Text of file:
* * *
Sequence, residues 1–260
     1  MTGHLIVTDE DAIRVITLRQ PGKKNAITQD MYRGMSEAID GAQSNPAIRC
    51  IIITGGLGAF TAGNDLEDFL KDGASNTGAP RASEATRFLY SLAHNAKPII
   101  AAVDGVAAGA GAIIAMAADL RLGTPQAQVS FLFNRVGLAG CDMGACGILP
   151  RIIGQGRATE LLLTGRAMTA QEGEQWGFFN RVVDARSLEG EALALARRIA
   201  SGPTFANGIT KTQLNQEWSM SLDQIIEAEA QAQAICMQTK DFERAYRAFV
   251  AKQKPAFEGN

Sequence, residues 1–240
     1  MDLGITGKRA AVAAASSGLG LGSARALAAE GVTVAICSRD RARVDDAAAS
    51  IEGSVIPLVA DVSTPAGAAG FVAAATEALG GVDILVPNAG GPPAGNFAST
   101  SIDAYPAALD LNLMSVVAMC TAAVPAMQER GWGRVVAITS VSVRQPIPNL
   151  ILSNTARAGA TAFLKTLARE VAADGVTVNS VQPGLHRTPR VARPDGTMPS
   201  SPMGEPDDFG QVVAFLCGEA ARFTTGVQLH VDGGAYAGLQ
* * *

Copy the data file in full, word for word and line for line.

Sequence, residues 1–260
     1  MTGHLIVTDE DAIRVITLRQ PGKKNAITQD MYRGMSEAID GAQSNPAIRC
    51  IIITGGLGAF TAGNDLEDFL KDGASNTGAP RASEATRFLY SLAHNAKPII
   101  AAVDGVAAGA GAIIAMAADL RLGTPQAQVS FLFNRVGLAG CDMGACGILP
   151  RIIGQGRATE LLLTGRAMTA QEGEQWGFFN RVVDARSLEG EALALARRIA
   201  SGPTFANGIT KTQLNQEWSM SLDQIIEAEA QAQAICMQTK DFERAYRAFV
   251  AKQKPAFEGN

Sequence, residues 1–240
     1  MDLGITGKRA AVAAASSGLG LGSARALAAE GVTVAICSRD RARVDDAAAS
    51  IEGSVIPLVA DVSTPAGAAG FVAAATEALG GVDILVPNAG GPPAGNFAST
   101  SIDAYPAALD LNLMSVVAMC TAAVPAMQER GWGRVVAITS VSVRQPIPNL
   151  ILSNTARAGA TAFLKTLARE VAADGVTVNS VQPGLHRTPR VARPDGTMPS
   201  SPMGEPDDFG QVVAFLCGEA ARFTTGVQLH VDGGAYAGLQ